Money managers under the microscope
The fledgling market for hedge fund secondaries may be becoming barbell-shaped, according to Hedgebay.
The firm, which provides a market for those wishing to buy and sell illiquid hedge fund stakes, said there is growing evidence that trades are happening either at very high or at very low prices.
In November, for instance, the highest trade took place at 97 pct or net asset value, while the lowest was at 29 pct.
It seems that some investors are willing to pay close to NAV for higher-quality funds that are difficult to get hold of.
The due diligence, or lack of it, undertaken by investors has been one of the big talking points following the alleged fraud by U.S. financier Bernard Madoff.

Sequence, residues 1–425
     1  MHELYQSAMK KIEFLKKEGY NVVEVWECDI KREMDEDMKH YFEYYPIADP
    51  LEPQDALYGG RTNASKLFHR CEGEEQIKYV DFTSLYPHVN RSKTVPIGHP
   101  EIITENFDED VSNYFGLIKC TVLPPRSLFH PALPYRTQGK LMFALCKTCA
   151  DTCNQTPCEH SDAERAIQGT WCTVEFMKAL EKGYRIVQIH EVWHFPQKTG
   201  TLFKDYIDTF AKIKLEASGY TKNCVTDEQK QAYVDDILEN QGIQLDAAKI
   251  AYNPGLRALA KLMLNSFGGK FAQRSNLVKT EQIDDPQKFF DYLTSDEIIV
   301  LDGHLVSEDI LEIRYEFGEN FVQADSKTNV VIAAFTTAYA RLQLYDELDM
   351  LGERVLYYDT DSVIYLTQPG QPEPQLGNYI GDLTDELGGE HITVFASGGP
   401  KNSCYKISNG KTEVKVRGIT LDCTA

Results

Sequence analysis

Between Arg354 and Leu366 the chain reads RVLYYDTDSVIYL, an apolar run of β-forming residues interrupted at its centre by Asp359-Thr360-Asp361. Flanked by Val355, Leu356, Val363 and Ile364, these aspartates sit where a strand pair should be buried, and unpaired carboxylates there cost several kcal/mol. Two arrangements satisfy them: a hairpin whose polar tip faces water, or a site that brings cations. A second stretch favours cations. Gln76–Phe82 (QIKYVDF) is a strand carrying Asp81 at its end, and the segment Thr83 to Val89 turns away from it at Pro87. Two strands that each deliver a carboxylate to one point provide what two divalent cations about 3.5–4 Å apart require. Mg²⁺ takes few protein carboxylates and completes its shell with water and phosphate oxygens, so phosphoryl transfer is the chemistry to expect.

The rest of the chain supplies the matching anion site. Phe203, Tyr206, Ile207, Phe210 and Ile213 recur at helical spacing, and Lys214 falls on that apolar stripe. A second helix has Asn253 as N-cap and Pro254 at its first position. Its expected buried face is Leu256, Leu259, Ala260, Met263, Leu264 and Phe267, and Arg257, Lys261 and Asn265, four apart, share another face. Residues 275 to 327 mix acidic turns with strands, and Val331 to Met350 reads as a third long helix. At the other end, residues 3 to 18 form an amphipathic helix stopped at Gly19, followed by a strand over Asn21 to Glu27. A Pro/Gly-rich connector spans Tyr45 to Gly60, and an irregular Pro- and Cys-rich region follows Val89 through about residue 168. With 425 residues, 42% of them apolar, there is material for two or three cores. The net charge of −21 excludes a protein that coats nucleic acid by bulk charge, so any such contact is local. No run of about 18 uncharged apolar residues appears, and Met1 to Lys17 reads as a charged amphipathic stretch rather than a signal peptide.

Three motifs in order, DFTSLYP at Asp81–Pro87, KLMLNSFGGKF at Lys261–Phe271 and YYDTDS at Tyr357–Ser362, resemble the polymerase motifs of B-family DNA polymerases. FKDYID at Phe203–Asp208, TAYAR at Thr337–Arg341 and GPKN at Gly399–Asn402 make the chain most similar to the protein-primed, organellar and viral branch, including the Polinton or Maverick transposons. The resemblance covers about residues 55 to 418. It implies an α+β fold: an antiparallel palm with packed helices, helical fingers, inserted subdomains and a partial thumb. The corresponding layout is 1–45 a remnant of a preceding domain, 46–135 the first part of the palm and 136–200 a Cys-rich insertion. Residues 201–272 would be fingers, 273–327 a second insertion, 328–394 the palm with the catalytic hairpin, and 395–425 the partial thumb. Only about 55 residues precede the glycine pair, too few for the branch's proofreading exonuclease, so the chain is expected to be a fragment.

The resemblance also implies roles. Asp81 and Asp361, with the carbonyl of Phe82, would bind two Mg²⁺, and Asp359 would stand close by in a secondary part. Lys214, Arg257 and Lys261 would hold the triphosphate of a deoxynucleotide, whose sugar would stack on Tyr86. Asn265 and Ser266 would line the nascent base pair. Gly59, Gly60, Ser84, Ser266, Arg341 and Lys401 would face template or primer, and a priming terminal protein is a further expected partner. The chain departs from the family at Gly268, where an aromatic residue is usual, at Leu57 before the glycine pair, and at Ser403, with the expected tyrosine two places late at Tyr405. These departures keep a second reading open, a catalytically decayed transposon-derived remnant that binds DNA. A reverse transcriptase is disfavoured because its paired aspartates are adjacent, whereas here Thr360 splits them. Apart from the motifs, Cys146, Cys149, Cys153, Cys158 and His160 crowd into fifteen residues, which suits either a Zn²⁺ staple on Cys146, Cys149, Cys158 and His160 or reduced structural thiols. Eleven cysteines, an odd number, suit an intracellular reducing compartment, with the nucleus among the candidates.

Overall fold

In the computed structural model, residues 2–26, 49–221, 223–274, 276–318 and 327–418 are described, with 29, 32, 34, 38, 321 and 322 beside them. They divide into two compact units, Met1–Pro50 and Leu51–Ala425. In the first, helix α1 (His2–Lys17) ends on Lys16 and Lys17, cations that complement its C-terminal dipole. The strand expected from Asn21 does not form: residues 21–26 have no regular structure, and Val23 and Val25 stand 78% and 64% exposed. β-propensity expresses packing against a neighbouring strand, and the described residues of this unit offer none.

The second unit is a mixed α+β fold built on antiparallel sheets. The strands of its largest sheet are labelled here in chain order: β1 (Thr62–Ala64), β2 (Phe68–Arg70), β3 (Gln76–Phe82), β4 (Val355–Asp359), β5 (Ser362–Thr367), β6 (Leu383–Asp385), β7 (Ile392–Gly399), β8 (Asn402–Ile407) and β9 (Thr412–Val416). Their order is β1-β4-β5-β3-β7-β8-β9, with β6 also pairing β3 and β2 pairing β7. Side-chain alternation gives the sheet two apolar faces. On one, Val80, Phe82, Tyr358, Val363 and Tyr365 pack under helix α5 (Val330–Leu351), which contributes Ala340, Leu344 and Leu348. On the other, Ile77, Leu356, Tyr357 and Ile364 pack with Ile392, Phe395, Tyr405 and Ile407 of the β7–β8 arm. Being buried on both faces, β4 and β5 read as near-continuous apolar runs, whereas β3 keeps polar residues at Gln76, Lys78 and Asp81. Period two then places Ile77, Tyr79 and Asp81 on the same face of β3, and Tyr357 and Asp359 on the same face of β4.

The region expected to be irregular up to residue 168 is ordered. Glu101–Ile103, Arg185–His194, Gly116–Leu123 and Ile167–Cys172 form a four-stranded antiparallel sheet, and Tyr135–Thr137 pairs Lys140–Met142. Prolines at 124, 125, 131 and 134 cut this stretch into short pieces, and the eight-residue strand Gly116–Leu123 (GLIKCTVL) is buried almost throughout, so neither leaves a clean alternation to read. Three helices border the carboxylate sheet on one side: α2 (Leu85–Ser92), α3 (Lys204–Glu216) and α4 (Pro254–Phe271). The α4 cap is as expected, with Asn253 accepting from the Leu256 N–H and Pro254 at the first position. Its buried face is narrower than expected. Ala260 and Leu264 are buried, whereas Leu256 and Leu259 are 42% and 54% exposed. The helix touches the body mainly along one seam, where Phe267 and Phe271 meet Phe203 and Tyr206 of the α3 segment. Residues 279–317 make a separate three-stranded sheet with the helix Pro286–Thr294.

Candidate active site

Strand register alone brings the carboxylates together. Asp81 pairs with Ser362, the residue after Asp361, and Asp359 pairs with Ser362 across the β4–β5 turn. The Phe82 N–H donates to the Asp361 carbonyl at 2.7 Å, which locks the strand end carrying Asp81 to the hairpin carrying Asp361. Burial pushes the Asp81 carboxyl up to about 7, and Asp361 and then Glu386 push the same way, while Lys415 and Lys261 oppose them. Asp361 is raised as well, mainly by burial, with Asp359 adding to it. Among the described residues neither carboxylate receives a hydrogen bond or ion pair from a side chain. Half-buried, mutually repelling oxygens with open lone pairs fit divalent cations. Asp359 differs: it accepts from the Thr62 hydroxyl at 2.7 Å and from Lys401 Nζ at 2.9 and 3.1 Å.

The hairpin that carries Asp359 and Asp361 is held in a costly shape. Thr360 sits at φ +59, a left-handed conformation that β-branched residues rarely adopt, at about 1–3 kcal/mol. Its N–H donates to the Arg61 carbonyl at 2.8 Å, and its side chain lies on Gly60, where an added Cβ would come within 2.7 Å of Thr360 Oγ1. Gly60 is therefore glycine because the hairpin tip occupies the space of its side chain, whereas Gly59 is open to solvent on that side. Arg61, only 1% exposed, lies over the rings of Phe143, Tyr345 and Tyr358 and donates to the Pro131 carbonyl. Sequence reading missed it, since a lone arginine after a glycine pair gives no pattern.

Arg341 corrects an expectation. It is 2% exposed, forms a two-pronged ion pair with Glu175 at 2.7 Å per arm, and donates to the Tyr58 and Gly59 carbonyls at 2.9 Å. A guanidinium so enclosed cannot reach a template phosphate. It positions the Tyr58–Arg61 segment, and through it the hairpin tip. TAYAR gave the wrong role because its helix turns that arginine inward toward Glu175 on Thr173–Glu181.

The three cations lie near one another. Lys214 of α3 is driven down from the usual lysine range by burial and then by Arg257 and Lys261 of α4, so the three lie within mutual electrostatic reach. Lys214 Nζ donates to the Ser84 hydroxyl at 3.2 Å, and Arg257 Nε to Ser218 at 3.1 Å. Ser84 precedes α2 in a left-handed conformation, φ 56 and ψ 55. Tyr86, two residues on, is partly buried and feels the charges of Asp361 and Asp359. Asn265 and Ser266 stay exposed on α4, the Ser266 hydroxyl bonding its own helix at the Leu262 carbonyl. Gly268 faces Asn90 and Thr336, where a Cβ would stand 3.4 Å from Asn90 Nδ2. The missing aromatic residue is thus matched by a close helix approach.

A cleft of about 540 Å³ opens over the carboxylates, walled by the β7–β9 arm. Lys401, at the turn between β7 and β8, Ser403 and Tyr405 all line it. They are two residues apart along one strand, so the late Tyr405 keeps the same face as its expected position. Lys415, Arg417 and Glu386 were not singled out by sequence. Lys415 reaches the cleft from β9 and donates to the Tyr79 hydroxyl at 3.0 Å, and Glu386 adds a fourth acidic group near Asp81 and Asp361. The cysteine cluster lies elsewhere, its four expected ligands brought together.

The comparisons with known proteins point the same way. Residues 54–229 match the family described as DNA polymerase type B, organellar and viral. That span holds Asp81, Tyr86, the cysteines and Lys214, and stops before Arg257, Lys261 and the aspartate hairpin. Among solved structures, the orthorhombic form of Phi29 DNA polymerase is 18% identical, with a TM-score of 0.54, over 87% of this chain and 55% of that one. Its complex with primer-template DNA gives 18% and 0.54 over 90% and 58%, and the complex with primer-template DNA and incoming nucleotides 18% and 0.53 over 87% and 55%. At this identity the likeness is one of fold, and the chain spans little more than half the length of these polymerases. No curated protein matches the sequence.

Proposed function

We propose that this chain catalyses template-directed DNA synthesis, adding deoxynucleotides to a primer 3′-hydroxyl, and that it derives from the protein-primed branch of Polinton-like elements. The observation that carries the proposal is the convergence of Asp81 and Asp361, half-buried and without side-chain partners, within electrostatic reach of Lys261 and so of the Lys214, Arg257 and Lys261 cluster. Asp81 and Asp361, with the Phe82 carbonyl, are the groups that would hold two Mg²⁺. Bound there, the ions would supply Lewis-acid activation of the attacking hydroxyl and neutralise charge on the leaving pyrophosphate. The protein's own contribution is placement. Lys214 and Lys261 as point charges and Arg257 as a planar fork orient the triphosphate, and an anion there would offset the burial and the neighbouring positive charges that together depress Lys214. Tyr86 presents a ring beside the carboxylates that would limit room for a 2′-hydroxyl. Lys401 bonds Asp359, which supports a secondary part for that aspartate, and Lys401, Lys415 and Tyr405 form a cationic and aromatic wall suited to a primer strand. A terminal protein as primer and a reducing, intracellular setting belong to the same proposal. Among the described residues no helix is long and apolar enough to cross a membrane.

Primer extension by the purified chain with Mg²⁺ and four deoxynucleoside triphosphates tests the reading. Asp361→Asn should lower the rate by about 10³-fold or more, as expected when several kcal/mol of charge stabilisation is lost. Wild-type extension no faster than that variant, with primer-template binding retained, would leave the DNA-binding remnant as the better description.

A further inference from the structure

But according to risk management firm Riskdata, the scandal could potentially have been spotted by (fairly complicated) statistical analysis.
Back when the hedge fund industry was barely into its 20s, numbered just 150 funds and managed all of $1 billion, you might have thought times were simpler; untroubled by the kinds of questions and concerns that now dominate after a turbulent year.
Browsing through a 1969 article in Fortune magazine by Carol J Loomis you could be forgiven for concluding the industry has barely moved on. If the last year has seen the painful payback from a frantic pursuit of returns, then so it was 1969.